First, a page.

The 121 tracks on the four discs incorporate a full range of U.S. music styles  — blues, R&B, country, folk, bluegrass, gospel and pop — and features country stars like Ernest Tubb, Gene Autry, Jean Shepherd, Tex Ritter, Red Foley, and Merle Travis as well as blues artists including John Lee Hooker, Lightnin’ Hopkins, Arthur ‘Big Boy’ Crudup, and Jimmy Witherspoon. There are songs by rhythm and blues giants such as Fats Domino, Lloyd Price, Dave Bartholomew, and gospel star Sister Rosetta Tharpe, along with the Delmore Brothers, Louvin Brothers, Jim & Jesse, and the Osborne Brothers who are among the bluegrass luminaries in this collection.

Each of the ‘Battleground Korea’s’ discs is organised around a different theme, essentially taking a chronological look at the war. CD 1’s songs are about “Going to War,” while CD 2 deals with being “In Korea.” “On the Homefront” is CD 3’s focus and CD 4 explores “Peace And Its Legacies.”

One of the well-thought-out aspects of this compilation is that Bear Family created several short narrative-style song-cycles throughout. The “On the Homefront” CD, for example, has “A Dear John Letter,” followed by “John’s Reply,” “Dear Joan” and “Forgive Me John.” Another set of songs goes from “Please Daddy, Don’t Go to War” to “Why Does the Army Need My Daddy,” “God Bless My Daddy” and “Don’t Steal Daddy’s Medal.” The “Peace and its Legacies” disc, meanwhile, strings together a run of tunes that starts with “Leavin’ Korea” and ends with “Back Home.”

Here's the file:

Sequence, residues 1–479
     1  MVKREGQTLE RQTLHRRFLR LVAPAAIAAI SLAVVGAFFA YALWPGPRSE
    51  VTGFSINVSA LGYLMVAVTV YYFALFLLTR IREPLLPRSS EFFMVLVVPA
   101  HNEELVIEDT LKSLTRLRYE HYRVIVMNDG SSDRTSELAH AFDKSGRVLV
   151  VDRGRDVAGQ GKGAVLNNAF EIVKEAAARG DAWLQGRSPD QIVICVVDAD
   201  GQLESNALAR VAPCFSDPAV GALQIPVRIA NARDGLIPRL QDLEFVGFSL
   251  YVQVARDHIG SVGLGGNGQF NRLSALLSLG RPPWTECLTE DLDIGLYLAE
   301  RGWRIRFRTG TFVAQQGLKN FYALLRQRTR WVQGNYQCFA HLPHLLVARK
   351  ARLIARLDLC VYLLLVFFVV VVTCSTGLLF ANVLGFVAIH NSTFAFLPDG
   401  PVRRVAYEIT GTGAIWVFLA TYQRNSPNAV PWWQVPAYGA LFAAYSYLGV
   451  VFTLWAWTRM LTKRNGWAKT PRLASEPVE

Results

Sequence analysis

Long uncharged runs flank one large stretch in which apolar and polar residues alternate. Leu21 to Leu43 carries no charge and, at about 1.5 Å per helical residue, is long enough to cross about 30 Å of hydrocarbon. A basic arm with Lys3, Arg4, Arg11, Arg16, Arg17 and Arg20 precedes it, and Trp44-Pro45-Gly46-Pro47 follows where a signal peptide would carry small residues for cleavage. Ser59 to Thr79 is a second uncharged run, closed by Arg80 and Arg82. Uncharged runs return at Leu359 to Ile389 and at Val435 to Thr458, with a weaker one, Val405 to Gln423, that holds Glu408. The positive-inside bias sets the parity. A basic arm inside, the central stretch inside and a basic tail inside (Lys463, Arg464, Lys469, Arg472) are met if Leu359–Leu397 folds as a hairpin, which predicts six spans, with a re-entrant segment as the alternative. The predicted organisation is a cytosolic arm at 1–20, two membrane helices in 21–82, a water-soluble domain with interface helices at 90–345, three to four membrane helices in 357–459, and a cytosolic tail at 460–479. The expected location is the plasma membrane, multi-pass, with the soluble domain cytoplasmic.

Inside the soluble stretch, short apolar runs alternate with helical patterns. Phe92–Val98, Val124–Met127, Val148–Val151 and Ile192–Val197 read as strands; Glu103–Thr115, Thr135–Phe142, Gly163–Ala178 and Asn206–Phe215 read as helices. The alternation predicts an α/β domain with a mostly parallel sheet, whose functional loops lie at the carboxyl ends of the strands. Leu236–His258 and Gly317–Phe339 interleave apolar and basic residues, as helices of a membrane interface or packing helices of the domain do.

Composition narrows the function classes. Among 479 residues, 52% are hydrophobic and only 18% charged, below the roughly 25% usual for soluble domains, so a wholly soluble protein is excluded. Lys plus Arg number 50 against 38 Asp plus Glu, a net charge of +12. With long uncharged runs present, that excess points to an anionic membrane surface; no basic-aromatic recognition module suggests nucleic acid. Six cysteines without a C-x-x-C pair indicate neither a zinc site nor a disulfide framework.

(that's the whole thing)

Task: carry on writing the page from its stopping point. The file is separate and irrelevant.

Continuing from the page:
This anthology also does a clever job of pairing songs. Arthur Crudup’s “The War Is Over” followed by Lightnin’ Hopkins’ “The War Is Over.” B.B. King’s “Questionnaire Blues” precedes John Lee Hooker’s version.

CD 1, in fact, contains renditions of “Korea Blues” done by Fats Domino, Clifford Blivens with the Johnny Otis Band, and Willie Brown. Bear Family have dug deep to discover tunes for this set, and certainly came up with some interesting obscurities including Hank Harral and His Palomino Cowhands on “When They Raised the UN Flag In South Korea,” Cactus Pryor and his Pricklypears’ tune “(In Again, Out Again) Packing Up My Barracks Bags Blues,” and “When They Drop the Atomic Bomb” from Jackie Doll and his Pickled Peppers?

There is much more to ‘Battleground Korea’, however, than just the songs; archival non-musical material is woven in throughout including General Douglas MacArthur as well as excerpts of speeches by presidents Harry Truman and Dwight Eisenhower. There are field reports from war correspondents and public service announcements from Vic Damone and even cartoon character Howdy Doody.